Lori Lightfoot and Toni Preckwinkle came out on top of last night’s primary election in Chicago and will face off in the general election April 2, ensuring that Chicago’s next mayor will, for the first time ever, be a Black woman.
Lightfoot, former president of the Chicago Police board, led the field of 14 candidates Tuesday. Preckwinkle, a former alder and current president of the Cook County Board, was locked in a tight race for second with Bill Daley, the son and brother of former mayors. Daley conceded around 10 pm, however, setting up the historic general election.
Lightfoot said during a Tuesday speech that she and her supporters had showed the city what “change looks like,” according to Block Club Chicago. “We need to continue to have this very important dialogue about this city’s future, about the narrative of who we are going to be to break from the past and have a vision of the future that includes all of us in every neighborhood,” Lightfoot said in the speech. “This election was going to be about whether or not we were resigned to the status quo or if we were resolved to fight for what’s right. It’s about whether we will accept only investing in the Downtown while neighborhoods cry out for attention and resources or whether we’re committed to making all neighborhoods safe.”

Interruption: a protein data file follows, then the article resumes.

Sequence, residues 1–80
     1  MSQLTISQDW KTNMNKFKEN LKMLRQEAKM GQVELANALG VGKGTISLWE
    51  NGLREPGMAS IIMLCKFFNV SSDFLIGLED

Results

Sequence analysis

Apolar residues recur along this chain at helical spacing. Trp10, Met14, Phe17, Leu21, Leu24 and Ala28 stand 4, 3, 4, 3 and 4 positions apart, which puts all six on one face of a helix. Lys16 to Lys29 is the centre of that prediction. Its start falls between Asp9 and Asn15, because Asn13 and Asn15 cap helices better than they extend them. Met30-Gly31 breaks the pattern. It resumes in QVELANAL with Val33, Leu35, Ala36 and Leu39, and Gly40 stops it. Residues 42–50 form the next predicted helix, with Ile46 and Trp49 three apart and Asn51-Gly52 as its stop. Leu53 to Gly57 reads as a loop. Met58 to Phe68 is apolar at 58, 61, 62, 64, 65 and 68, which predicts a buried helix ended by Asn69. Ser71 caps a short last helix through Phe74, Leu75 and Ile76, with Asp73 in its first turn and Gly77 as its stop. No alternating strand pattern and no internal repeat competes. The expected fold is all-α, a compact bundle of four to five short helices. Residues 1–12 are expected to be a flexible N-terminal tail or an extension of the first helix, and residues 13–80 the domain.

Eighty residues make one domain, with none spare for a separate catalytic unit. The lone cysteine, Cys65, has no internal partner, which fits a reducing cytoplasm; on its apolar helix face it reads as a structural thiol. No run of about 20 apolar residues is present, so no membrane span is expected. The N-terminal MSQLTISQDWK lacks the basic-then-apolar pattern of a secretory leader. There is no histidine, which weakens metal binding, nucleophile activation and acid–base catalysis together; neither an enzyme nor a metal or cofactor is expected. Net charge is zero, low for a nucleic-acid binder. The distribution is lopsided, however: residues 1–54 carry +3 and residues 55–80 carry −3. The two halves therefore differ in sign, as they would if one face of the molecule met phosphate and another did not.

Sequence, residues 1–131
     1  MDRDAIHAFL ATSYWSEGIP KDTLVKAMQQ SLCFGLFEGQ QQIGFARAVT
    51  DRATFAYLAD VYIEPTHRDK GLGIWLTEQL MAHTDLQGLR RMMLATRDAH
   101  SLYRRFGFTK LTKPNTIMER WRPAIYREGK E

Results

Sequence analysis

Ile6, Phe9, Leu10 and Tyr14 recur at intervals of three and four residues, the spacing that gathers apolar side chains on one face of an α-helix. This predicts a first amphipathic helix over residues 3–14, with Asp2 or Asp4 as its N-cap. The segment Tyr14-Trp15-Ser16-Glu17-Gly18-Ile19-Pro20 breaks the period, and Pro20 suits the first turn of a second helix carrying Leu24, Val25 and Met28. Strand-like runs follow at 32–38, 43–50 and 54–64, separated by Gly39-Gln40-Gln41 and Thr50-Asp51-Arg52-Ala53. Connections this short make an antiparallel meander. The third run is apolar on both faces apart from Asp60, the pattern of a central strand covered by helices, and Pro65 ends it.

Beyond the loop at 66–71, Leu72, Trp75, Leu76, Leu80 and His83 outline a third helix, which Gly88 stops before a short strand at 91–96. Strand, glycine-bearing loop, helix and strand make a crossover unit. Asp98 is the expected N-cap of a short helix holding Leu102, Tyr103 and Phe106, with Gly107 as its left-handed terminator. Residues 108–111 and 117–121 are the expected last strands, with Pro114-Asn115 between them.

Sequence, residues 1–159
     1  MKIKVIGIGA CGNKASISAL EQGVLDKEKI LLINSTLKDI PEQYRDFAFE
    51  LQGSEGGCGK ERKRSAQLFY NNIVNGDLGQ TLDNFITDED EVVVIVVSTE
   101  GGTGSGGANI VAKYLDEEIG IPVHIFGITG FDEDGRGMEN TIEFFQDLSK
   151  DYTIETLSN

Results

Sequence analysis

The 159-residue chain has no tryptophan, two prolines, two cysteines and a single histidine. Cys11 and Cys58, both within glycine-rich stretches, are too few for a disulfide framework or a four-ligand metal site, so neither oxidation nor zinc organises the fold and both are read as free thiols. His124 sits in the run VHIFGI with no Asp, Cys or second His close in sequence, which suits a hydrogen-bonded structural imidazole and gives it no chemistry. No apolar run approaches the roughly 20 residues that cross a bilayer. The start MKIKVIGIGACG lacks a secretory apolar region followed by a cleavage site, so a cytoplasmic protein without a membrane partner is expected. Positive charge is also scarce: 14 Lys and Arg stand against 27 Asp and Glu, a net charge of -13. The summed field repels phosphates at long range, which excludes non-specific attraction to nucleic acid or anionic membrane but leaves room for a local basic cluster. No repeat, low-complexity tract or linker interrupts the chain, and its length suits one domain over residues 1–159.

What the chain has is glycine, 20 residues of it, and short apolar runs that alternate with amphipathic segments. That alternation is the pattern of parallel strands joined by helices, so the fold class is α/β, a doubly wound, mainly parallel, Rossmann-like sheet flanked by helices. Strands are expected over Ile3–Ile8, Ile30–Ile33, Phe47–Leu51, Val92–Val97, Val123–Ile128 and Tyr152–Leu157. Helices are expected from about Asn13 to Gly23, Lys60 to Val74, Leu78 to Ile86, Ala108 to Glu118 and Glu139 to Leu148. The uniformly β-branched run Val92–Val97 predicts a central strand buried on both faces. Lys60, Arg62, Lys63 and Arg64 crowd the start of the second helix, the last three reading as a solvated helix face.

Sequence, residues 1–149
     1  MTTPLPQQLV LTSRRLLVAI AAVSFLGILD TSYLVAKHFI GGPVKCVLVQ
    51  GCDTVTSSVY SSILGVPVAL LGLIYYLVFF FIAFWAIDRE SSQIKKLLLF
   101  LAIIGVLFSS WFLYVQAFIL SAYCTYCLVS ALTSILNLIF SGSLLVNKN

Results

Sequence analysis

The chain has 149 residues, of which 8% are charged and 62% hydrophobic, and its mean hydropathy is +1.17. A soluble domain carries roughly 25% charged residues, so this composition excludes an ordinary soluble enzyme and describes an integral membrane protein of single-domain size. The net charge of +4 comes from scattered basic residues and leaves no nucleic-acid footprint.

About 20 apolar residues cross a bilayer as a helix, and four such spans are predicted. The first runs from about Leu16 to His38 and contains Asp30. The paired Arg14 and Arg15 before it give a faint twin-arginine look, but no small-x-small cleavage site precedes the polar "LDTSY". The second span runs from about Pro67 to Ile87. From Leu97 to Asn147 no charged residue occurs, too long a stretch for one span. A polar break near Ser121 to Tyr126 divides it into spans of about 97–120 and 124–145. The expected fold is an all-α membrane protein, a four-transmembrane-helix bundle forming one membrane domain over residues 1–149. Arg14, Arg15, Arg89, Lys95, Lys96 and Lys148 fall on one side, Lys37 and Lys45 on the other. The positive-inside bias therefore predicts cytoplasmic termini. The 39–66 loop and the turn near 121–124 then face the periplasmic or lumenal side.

If elected, Lightfoot would also be the city’s first openly gay mayor.
In a speech Tuesday, Preckwinkle said she will fight against the “powers-that-be” in Chicago, and that she’s running for her children and grandchildren, according to Block Club Chicago.
“I want to make sure they have access to a great education and real opportunities afterwards, that they’re safe and happy, that they’re thinking about their futures and not worried about their present,” Preckwinkle said in a speech Tuesday. “As your mayor, I can do something to make that hope a reality for all our children. Because this race isn’t about me — it’s about all of us. It’s about our shared vision for our city.”
Current Mayor Rahm Emmanuel announced in September that he wouldn’t run for re-election, prompting the most crowded race in Chicago’s history.